3 steps to impactful sexual harassment prevention training
Wednesday, April 17, 2019
#MeToo has had a significant impact on organizational awareness of pervasive harassment issues. The number of states implementing sexual harassment prevention training requirements continues to increase, as does the number of progressive organizations offering training regardless of external requirements.
But does all this training do anything to address the problem? Here are three steps to increase the chances it does.
Make it so, No. 1
The first and most critical step is to provide training regularly, to all staff, and tie it directly to internal policies against harassment. (If the organization has no policies against harassment, then step one should be creating them and step two should be providing training to support employee understanding.)
There is a proliferation of online options, workshops and any number of attorneys and consultants willing to provide interactive sexual harassment prevention training with options to fit any budget. Whether or not our organization is required to provide training, we should find a way to offer it and make it mandatory for all employees.
While not all training options are good, we cannot use that as an excuse to delay providing training. Instead, there are two important points to remember.
First, bad training is still in most cases better than no training. Second, even the best training is not sufficient for ensuring a culture free from sexual harassment. Offering training is just step one in a multistep process.
After providing training, a great way to make sure it has an ongoing impact is to reiterate the lessons learned. Whether each employee takes a class online, independently or everyone is in a group session, training provides a common vocabulary for discussions around harassment prevention.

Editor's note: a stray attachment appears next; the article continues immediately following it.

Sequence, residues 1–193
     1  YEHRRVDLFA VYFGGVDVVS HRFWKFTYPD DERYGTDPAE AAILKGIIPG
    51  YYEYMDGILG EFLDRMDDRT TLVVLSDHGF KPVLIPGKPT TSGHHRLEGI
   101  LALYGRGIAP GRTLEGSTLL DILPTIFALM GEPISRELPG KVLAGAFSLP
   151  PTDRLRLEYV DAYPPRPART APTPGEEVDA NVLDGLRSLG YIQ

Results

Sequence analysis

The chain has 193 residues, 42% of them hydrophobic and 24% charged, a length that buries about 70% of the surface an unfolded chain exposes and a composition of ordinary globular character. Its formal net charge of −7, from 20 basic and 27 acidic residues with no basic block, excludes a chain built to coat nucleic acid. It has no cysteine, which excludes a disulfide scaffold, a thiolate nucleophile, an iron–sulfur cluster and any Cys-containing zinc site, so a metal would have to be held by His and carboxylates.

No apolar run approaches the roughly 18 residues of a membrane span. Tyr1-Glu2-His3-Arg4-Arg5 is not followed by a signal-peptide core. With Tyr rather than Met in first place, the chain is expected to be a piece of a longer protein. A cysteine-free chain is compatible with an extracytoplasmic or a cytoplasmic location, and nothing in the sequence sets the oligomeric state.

As leaders, we can refer back to these terms and lessons to support a culture of understanding and open communication around harassment.
For example, reiterating key concepts from the training before a corporate event to help employees understand their rights and obligations related to harassment keeps employees informed and the lines of communication open should an issue occur. The idea is that employees must feel they have a way and are supported in raising potential issues.
Providing training as a tool and a common vocabulary around harassment-related issues lay the groundwork for a harassment-free workplace. However, some workplaces may fail being harassment-free because the employees may be indifferent to harassing behaviors.
In other words, a team may technically exhibit behaviors and use terms that could be considered harassment but for whatever reason, they have embraced it as part of their culture and thus it seems no one is offended.
The problem is that the behavior still has to stop. Customers, employees on other teams or vendors may witness the behavior and feel uncomfortable with it. Or, a team member could have a change of heart and no longer enjoy comments to which he may have previously been indifferent.
Thus, to help ensure training is effective and the lines of communication remain open, we must consistently apply expectations across the organization.
The bottom line is harassing behavior is not acceptable in the workplace. To increase the chances that sexual harassment prevention training can have a positive impact, we must offer it regularly to all staff; embrace and continue the conversation it starts; and acknowledge that, even if it seems no one is bothered by potentially harassing behavior, it is still not acceptable in the workplace.
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